• What Rome Learned From The Deadly Antonine Plague Of 165 A.D. (Smithsonian)
Monday, April 27, 2020
Saturday, April 25, 2020
If the African American community is going to beat this virus — and create a pandemic-resistant black community — we are going to have to make big changes in both our public systems and our personal lives. This virus is especially lethal to African Americans because it is — in effect — a pandemic jumping on top of multiple, pre-existing epidemics that were already ravaging the black community. Diseases like hypertension, diabetes, asthma and obesity make the virus far more deadly. And African American communities have those illnesses in numbers that are way out of proportion…
For example, we can all vow to eat healthier. Drink more water. Move our bodies. Process emotional pain through therapy, rather than comfort eating or substance abuse. Commit to a spiritual or religious practice. Meditate. Rest. Get more sleep. And let’s not forget to practice gratitude. In the midst of this plague, every unlabored, unaided breath is more precious than ever. Black influencers set the agenda for global culture. We can make the quest for personal health as cool as we have made the quest for personal wealth. Imagine if rap videos and black TV shows started showcasing push-ups, Peloton and healthy green drinks, in the same way that they often showcase fashion and foreign cars.
• As Food Supply Chains Fail, Small Businesses Step Up to Fill in the Gaps (Health Impact News)
We need a return to the “old fashion” way of conducting business, where there is a town butcher, a town baker, local grain mills, and local dairy farms and other kinds of farms producing and selling meats, produce, dairy, and other food staples to the consumer directly through local businesses. Those in the metropolitan areas need to find like-minded neighbors and fellow city residents to band together and form co-ops and buying clubs to support farmers that may be located further out in the rural areas, to more efficiently bring that food from the farm to the tables of those in the cities.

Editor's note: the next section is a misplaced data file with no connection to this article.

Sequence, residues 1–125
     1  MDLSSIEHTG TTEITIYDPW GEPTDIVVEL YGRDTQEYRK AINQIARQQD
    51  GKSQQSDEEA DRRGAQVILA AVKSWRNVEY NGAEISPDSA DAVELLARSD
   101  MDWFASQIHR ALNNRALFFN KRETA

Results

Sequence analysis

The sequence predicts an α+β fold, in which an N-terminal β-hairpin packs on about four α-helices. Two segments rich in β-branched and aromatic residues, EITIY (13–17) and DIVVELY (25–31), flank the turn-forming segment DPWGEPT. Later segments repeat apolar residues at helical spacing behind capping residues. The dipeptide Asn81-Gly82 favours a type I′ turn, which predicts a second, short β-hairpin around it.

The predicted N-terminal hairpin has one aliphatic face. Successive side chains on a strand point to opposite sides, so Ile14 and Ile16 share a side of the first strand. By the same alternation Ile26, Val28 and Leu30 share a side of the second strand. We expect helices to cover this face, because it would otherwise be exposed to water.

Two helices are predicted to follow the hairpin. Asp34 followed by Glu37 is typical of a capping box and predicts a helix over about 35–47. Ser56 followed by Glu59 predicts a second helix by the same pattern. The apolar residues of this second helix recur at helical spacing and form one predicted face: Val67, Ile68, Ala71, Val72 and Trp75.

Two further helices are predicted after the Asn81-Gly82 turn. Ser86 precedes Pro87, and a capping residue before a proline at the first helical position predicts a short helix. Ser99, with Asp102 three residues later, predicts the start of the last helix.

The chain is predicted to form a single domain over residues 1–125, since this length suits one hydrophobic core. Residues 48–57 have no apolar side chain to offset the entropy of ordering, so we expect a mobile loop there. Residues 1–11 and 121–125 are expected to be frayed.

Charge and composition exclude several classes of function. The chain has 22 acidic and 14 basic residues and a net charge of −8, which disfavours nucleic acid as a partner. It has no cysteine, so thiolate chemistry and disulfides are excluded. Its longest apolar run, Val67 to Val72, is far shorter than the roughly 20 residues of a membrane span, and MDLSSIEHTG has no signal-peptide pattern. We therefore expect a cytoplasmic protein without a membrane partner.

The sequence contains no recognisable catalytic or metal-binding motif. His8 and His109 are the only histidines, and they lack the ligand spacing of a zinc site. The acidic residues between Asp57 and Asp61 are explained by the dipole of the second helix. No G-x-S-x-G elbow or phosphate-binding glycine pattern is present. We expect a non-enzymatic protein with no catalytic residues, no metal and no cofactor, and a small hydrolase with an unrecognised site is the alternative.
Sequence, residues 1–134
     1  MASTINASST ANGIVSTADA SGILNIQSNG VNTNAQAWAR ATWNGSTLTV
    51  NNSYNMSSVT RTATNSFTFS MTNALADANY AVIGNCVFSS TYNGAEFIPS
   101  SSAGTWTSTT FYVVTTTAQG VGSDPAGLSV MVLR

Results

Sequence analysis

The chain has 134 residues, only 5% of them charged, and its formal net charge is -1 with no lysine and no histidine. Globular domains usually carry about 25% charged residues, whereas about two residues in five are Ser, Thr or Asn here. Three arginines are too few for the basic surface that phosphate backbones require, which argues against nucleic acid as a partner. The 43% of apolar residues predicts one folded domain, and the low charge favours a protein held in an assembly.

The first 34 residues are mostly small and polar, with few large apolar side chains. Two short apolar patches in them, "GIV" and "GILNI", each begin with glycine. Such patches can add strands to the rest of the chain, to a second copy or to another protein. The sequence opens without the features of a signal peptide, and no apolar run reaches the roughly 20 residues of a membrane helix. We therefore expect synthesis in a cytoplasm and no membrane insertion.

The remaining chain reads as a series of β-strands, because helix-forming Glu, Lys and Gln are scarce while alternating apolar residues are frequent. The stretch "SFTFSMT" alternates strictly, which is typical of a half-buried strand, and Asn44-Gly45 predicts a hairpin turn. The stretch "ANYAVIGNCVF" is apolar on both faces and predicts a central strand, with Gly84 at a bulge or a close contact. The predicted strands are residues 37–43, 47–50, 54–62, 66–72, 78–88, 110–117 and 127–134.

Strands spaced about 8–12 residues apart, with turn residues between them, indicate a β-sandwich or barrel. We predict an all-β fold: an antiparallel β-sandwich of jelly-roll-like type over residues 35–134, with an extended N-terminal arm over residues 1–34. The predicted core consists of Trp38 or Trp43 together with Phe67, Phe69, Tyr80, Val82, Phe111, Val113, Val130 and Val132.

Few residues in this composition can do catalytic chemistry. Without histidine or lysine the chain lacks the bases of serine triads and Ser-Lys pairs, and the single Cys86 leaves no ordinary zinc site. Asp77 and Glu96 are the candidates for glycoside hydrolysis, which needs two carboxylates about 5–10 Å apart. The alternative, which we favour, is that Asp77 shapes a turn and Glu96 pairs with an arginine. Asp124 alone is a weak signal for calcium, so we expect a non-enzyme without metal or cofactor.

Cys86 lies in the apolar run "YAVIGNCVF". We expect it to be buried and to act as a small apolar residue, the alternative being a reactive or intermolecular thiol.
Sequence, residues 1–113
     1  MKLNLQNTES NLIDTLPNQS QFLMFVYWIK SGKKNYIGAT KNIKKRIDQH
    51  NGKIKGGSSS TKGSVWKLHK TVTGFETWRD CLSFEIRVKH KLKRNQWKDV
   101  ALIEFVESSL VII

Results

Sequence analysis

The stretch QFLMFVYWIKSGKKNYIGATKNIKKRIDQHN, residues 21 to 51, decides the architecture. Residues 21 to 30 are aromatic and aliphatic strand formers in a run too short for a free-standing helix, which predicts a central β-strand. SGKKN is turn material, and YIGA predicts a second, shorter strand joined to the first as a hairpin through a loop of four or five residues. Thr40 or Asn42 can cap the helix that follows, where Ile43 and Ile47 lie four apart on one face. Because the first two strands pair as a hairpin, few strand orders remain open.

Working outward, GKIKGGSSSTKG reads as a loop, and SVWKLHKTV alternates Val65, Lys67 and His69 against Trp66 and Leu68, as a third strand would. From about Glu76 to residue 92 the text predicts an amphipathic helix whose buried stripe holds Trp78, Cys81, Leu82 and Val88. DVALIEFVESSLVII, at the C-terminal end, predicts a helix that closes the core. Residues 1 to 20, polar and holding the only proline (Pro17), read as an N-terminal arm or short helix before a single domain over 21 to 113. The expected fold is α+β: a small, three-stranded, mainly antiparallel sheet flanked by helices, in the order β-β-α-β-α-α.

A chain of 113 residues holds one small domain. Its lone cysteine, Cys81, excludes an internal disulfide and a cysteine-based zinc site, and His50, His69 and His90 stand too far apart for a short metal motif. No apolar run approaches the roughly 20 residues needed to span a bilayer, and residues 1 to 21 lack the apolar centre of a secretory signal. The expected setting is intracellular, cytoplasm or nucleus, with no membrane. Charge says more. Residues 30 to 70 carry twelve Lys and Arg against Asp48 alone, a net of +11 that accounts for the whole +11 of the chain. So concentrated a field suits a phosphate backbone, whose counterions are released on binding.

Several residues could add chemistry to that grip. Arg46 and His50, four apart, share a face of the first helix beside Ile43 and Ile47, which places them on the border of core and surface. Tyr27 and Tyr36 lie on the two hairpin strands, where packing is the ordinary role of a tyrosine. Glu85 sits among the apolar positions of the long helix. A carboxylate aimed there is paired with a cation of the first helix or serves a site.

Reports of strokes in the young and middle-aged – not just at Mount Sinai but in many other hospitals in hard-hit communities – are the latest twist in our evolving understanding of the mysteries of covid-19. Even as the virus has infected nearly 2.8 million people worldwide and killed 195,000 as of Friday, its origins, biological mechanisms and weaknesses continue to elude top scientific minds. Once thought to be a pathogen that primarily attacks the lungs, it has turned out to be a much more formidable foe – affecting nearly every major organ system in the body… Now three large U.S. medical centers are preparing to publish data on the stroke phenomenon for the first time. The numbers are small, only a few dozen per location, but they provide new insights into what the virus does to our bodies.